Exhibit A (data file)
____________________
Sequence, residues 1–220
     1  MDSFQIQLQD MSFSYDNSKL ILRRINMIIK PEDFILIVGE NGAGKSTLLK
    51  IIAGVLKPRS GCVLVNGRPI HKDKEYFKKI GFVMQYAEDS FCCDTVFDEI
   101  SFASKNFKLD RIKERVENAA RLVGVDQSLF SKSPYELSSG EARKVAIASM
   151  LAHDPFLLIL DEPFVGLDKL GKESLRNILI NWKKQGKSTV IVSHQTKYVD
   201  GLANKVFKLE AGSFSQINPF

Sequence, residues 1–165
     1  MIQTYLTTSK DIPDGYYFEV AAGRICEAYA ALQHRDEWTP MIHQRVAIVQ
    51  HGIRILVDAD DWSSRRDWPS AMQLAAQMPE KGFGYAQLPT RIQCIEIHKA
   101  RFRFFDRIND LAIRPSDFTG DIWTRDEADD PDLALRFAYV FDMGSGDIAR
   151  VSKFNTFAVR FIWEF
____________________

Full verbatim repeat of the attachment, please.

Sequence, residues 1–220
     1  MDSFQIQLQD MSFSYDNSKL ILRRINMIIK PEDFILIVGE NGAGKSTLLK
    51  IIAGVLKPRS GCVLVNGRPI HKDKEYFKKI GFVMQYAEDS FCCDTVFDEI
   101  SFASKNFKLD RIKERVENAA RLVGVDQSLF SKSPYELSSG EARKVAIASM
   151  LAHDPFLLIL DEPFVGLDKL GKESLRNILI NWKKQGKSTV IVSHQTKYVD
   201  GLANKVFKLE AGSFSQINPF

Sequence, residues 1–165
     1  MIQTYLTTSK DIPDGYYFEV AAGRICEAYA ALQHRDEWTP MIHQRVAIVQ
    51  HGIRILVDAD DWSSRRDWPS AMQLAAQMPE KGFGYAQLPT RIQCIEIHKA
   101  RFRFFDRIND LAIRPSDFTG DIWTRDEADD PDLALRFAYV FDMGSGDIAR
   151  VSKFNTFAVR FIWEF